Reinoehl And The New Regularity

She’s not wrong, but she’s missing a salient point.

Of course he should have been arrested and had his guilt determined in court rather than be “killed by a motley of federal law enforcement.” The missing detail is that in order for that to happen, he would have had to allow himself to be arrested rather than . . . something.

“Initial reports indicate the suspect produced a firearm, threatening the lives of law enforcement officers,” the Marshals Service said in a statement. “Task force members responded to the threat and struck the suspect who was pronounced dead at the scene.”

Produced a firearm? What exactly does that mean?

“As they attempted to apprehend him, there was gunfire,” Lieutenant Brady said. He said four law enforcement officers fired their weapons.

By saying “there was gunfire,” what Brady failed to say is that the gunfire came from Reinoehl. He didn’t say that Reinoehl pointed a gun at anyone. He didn’t say a lot of things, except that four cops fired and, as it turned out, Reinoehl was dead. This means Reinoehl doesn’t get to tell his side of the story, because he’s dead. There were no body cams, because there weren’t. And so all we have to go by is what Lt. Brady says, and he does a piss-poor job of it. Unless, of course, he’s doing the best job he can given what in fact happened.

Michael Reinoehl, 48, was being arrested for the killing of Aaron Danielson. Had he chosen to go down in a hail of bullet glory or did the cops decide to do a “hit job”? Under the old presumption of regularity, one might be inclined to believe that the cops wouldn’t do such a thing and that the police statement that Reinoehl threatened the officers there to arrest him with a gun is accurate. Or at least, sufficiently accurate to believe that this wasn’t some conspiratorial Trumpist fascist execution.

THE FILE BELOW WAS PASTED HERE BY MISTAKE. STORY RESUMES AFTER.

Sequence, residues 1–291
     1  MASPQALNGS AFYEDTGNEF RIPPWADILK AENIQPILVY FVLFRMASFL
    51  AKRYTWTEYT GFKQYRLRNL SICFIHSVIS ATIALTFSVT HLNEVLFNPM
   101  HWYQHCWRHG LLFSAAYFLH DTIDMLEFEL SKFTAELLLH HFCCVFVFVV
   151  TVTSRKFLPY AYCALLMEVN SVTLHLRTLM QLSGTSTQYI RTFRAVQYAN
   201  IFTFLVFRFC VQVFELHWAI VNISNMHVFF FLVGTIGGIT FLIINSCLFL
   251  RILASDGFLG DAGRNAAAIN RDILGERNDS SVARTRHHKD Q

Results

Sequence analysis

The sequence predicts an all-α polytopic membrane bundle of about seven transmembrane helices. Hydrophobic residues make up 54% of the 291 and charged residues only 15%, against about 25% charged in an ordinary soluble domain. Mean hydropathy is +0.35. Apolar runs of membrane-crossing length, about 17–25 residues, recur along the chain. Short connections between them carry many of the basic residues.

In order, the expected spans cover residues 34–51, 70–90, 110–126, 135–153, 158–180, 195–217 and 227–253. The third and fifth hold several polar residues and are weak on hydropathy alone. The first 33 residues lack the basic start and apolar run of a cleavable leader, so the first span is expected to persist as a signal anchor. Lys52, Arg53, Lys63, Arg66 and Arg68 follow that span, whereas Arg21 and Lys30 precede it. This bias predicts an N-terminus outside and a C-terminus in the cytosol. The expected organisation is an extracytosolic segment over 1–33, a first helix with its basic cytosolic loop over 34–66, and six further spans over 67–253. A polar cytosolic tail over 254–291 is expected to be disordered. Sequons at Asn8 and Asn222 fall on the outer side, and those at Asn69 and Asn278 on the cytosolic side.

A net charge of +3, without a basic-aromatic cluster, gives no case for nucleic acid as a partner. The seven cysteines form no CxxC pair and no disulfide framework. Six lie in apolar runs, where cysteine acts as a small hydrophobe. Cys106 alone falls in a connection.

But cops lie.

To the extent our trust in the police narrative has been diminished, cops did it to themselves. It’s not that they always lie. It’s not that they’re all liars. It’s that cops lie, and once you’ve demonstrated that you’re a liar, you don’t get to be believed this time. And we know cops lie because it’s been conclusively demonstrated over and over. And we know that cops don’t always lie, but that doesn’t mean you get to be believed when it can’t be proven either way, except on your word. You sold your word when you lied.

But then, what’s the flip side?

Michael Reinoehl is the guy who killed the fascist in Portland last week. He admitted it and said he was scared the cops would kill him. Well, now the cops have killed him.

I am extremely anti-conspiracy theory. But it’s not a conspiracy theory at this point in time to wonder if the cops simply murdered him. The police is shot through with fascists from stem to stern. They were openly working with the fascists in Portland, as they were in Kenosha which led to dead protestors.

This is from Erik Loomis, a history prof at the University of Rhode Island, whose self-characterization about conspiracy theories might be a bit exaggerated. But he’s not wrong to say it’s fair to wonder “if the cops simply murdered him.” It is. But can it be assumed? Can it be believed? Without any evidence beyond the word of the cops, no one knows what in fact happened, so it lends itself to any question or belief. Since this “extremely anti-conspiracy theory” prof says the cops “were openly working with the facists,” he might be inclined to believe that this was the “hit job” Manisha Sinha suggests it could be.

Jonathan Turley notes that Loomis’ concern is whether the tactical act of killing a fascist is good for the cause, not whether killing a fascist is a bad thing in itself.

In responding to a comment that “Erik, he shot and killed a guy,” Loomis responded “He killed a fascist. I see nothing wrong with it, at least from a moral perspective.” He then added that “tactically, that’s a different story. But you could say the same thing about John Brown.”

So it is merely a tactical not a moral question to stalk and murder someone with opposing views?

Turley provides no source link to the quote, which is unfortunate as any controversial assertion quoted needs to be source. But then, Turley isn’t a liar, even if you disagree with his views, so I’m inclined to give him the benefit of the doubt, unlike the cops. And what is concerning is that on the one side, we are asked to trust the police version of the narrative, something that tests the mettle of the presumption of regularity.